Way Forward

  • Regulatory Framework for Crypto: A regulatory framework needs to be urgently framed.
    • The apparatus will need to deal with myriad aspects of cryptocurrencies, sale, purchase as well as intermediaries like exchanges and trading platforms.
    • The government must identify the associated risks, and create the appropriate regulatory architecture to address them.
    • Regulation can aid in monitoring the money-laundering and terror-financing issues and also prevent scams.
  • Investor Protection: While sophisticated investors may not need guidance, retail investors need to be cautioned about cryptocurrencies and the volatility associated with them.
    • An efficient regulatory framework will provide accountability as also a grievance redressal mechanism for investors.
  • Structuring the Unregulated Space: What India needs at this moment is structuring the unregulated space of cryptocurrency rather than banning it. It will create a safeguard for retail investors.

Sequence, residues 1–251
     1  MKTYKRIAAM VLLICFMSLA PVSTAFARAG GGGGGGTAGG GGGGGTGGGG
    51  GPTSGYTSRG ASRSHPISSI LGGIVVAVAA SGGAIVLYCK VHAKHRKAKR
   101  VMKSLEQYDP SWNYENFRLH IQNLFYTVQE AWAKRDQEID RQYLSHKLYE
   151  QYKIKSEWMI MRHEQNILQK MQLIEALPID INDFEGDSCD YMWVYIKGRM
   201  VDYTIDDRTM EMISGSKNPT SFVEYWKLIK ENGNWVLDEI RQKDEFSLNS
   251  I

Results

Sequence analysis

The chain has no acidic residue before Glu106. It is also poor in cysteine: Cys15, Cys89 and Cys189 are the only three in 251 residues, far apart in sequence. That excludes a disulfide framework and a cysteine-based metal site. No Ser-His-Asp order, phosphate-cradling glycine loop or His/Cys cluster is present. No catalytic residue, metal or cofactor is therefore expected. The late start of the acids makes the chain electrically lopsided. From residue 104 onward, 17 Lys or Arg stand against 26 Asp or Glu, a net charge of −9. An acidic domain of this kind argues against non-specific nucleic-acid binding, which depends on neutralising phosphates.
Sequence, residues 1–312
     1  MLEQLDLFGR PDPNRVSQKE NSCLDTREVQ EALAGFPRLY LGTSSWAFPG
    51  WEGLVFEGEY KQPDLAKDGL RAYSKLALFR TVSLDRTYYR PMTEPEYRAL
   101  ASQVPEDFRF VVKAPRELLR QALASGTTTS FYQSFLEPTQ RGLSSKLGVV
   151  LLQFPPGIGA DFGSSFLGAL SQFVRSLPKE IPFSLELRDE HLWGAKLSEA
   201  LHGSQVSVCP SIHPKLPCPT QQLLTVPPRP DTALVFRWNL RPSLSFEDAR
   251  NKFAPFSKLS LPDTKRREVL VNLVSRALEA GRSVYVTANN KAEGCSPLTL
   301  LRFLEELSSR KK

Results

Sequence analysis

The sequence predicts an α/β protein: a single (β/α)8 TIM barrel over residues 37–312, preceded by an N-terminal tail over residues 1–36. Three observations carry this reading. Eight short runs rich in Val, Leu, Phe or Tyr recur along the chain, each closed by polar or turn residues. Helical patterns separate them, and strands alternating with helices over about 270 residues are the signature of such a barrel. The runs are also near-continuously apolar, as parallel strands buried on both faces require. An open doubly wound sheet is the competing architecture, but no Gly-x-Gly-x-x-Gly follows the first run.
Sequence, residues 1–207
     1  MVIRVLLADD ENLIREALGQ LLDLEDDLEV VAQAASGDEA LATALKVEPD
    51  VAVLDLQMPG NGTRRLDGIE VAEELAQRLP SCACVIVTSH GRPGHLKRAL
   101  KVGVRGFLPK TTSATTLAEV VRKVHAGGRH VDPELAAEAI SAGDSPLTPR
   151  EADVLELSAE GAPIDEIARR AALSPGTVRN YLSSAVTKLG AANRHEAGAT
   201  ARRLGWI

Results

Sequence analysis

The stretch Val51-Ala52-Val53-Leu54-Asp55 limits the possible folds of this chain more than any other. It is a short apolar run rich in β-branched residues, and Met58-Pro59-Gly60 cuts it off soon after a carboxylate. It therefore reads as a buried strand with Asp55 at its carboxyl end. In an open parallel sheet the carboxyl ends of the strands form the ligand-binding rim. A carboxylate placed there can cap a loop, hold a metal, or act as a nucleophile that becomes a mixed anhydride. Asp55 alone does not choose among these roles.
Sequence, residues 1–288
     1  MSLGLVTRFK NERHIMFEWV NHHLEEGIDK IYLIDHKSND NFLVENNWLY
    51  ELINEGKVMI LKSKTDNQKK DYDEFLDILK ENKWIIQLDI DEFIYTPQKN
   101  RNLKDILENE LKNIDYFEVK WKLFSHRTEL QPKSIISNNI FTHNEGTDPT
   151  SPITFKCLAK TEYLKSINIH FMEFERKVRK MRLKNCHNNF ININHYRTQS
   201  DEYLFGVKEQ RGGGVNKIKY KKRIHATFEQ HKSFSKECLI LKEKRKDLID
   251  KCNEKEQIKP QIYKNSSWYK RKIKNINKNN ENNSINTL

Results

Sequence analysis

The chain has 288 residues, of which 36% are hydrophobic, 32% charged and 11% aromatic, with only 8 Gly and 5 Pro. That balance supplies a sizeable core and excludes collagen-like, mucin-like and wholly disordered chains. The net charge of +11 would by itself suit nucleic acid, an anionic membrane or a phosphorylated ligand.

• Moreover, it will also prevent the India-based crypto companies from moving out of the country, so there will be no flight of capital.
    • It will create a healthy ecosystem for India and Indians to explore emerging technologies and become leaders and innovators in this space.


  • Cryptocurrency is an inevitability: it cannot be banned or walled out through any meaningfully enforceable mechanism. A blanket-ban on crypto would be both impractical and over-restrictive.
  • It becomes imperative for the government to bring forward legislation that understands the vision of the technology, takes into account the inputs of all stakeholders, and enables citizens to enjoy the benefits that entail with this new-age technology.

Drishti Mains Question

“Regulation of cryptocurrency is now necessary in India to offer the investors a degree of protection, ensure compliance with norms, provide clarity with regard to taxation and enable citizens to enjoy the benefits of this new-age technology”. Discuss.